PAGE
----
My point remains the same, that it's unfair to gloss over the parts Barton got right, in this case, the Second Coming, heaven and hell, and [arguably] a healing in Luke 14.There are also parts he gets wrong, and completely wrong, like Mt 9 and Mt 10. Reading his book, it looks like he accepted second-hand research. Unforgivably sloppy, but not evil. [He credits 3 other authors, but I didn't follow the footnotes.]Of course you can have 3/4 of a point for good will and good looks alone. In answer to yr text question, I used the NIV instead of the King James just for readability's sake---I don't intend to litigate every word.As for Jefferson's private beliefs, that's never been an area of my concern. I find him a pretentious boor. He certainly rejected the Trinity, but him leaving in Christ as the Judge of the World is interesting to say the least. A belief in "resurrection of the body" at the end of time is also not inconsistent with his canon, in other words, a belief in some sort of religious metaphysics.So yes, it's significant that this eschatological stuff is in there, because most often he uses some formulation of Jesus a smoral teacher like "there never was a more pure and sublime system of morality delivered to man than is to be found in the four evangelists."I'm glad you agree he wasn't, but "Jefferson was a deist" is common knowledge all over the internet---the irony being that I often see it asserted in the comments sections of Barton's critics!And seldom do I see Barton's critics correcting their own fans on this point. [In fact, never, that I can recall.] So when I get this "defender of truth" self-righteousness from these people, all I can think is that they should clean their own house first if they're so concerned with truth and stuff.
When I conceded in an earlier comments that Jefferson was no mere deist I probably should have highlight mere - my reiteration of your own words. the problem with using any single term to encapsulate a persons beliefs is that it it near impossible to accomplish the task. The question should immediately be, what definition of deist are you using as a metric.Jefferson certainly had a "religious metaphysics" but beyond that it get complex. Pagans, of course, have a religious metaphysics.Jefferson, in his own words - not the invention of far-left liberal loons and pointy headed communist intellectuals, explicitly states that he is a materialist. While calling himself a Christian in the sense of having great admiration for the moral and ethical teachings of Jesus (and in the context of comparison with other philosophers), he also clearly states that he is an Epicurean. Jefferson had a number of copies of Lucretius' De rerum natura (On the Nature of Things), the most complete accounting of the Epicurean philosophy that I know of, filled with "anti-religious sentiments and materialist blasphemies," as one reviewer described it, is far more compatible with Jefferson's overall views. Yes, the Epicurean materialist view includes god or the gods too. And certainly Jefferson, in his own words, clearly and emphatically believed that Jesus was an inspired human, and he clearly, in his own words, distances himself from the supernatural and Platonic elements of the Jesus story.Overall, there is little to be culled from fragments of fragments that were included in the Jefferson Bible without placing them in a much larger context of Jefferson's own expressed beliefs on the subject. Especially, given the fact that Jefferson is not available for questioning. I believe I am calling for more exegesis and less eisegesis. So yes, some king of religious metaphysics but mixed with a materialist metaphysics. But absolutely and positively and verifiably not what Barton is selling.At least IMHO.Switching gears, you are unarguably correct on this, I am a handsome devil.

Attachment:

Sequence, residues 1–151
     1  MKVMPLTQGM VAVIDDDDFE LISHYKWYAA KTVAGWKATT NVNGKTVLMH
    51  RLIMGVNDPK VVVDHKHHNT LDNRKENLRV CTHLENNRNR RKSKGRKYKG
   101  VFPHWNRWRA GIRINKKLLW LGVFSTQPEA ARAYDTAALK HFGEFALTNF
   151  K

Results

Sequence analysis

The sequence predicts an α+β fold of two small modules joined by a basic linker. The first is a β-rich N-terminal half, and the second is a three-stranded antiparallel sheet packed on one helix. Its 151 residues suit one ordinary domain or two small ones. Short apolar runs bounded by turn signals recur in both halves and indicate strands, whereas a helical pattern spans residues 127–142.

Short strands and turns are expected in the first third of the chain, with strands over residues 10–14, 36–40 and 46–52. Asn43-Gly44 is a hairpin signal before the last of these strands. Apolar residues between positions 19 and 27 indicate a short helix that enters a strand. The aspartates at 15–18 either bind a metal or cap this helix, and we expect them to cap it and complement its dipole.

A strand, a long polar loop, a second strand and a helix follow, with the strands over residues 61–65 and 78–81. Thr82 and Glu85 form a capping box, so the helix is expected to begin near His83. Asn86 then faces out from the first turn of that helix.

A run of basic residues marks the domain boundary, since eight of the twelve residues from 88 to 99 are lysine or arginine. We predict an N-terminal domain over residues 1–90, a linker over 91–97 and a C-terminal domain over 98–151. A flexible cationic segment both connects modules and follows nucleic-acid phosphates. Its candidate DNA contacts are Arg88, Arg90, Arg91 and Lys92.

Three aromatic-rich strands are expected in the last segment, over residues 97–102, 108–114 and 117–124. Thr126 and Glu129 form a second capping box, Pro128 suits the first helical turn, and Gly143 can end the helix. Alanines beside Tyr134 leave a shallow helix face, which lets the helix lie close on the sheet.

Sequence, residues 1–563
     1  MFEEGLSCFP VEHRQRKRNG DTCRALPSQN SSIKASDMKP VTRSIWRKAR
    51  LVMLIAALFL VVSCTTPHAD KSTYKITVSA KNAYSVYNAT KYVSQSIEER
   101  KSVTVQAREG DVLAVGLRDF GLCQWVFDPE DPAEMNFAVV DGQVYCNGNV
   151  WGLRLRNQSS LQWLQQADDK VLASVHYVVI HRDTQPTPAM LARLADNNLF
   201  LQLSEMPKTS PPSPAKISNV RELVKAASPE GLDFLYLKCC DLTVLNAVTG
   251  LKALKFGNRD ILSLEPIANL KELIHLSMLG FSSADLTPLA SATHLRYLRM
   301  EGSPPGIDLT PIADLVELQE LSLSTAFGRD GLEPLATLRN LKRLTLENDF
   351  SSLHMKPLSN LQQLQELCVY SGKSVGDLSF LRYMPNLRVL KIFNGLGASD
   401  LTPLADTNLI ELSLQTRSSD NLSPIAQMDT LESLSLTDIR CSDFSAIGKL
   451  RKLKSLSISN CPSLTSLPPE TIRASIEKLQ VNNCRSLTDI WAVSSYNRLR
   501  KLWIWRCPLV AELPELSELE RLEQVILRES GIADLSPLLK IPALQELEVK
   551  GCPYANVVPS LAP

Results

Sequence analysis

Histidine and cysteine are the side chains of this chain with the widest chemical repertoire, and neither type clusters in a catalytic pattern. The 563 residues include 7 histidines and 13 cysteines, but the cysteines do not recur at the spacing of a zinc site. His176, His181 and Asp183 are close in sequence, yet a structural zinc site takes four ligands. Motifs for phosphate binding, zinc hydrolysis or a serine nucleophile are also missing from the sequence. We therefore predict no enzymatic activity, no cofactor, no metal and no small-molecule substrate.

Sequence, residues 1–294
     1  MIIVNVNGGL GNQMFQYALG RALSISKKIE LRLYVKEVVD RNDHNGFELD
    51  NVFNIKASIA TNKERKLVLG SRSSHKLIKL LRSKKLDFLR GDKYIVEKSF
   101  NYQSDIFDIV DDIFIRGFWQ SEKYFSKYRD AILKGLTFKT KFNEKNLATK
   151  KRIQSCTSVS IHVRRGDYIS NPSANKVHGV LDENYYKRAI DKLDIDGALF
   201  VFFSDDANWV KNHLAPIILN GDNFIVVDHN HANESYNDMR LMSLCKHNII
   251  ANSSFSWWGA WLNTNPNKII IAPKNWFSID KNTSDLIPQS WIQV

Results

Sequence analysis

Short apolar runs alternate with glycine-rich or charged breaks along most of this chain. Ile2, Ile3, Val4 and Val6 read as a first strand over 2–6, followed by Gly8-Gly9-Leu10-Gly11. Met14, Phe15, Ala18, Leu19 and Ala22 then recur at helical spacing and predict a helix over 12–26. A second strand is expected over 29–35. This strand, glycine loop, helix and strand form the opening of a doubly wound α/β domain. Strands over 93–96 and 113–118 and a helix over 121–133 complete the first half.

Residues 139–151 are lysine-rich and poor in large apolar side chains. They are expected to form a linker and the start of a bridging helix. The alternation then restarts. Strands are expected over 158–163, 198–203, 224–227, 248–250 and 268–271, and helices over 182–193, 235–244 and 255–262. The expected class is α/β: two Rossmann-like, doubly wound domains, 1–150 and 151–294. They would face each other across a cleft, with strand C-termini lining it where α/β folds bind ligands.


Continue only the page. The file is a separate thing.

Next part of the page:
No doubt.This little expedition into Jefferson's head has been interesting. The concept of "the resurrection of the dead" is quite Christian [and sometimes Jewish]. That Jefferson may not have disbelieved in Judgement Day, etc. is interesting to me. It's my opinion that as much as the deist types thought they were reconceiving God, there was much about the Judeo-Christian one that they were still stuck on.
If you Google "Jefferson Bible Beliefnet," you will get a link to the online edition of the actual Jefferson Bible as found in the papers of Thomas Jefferson maintained by the University of Virginia. If you look at the scissor symbol on lines of the text, you can see read exactly where Jefferson deleted all references to the supernatural. There is no virgin birth, no miracles, no resurrection.Jefferson believed Jesus was the most sublime and principled person who ever lived, but this Jesus was not divine.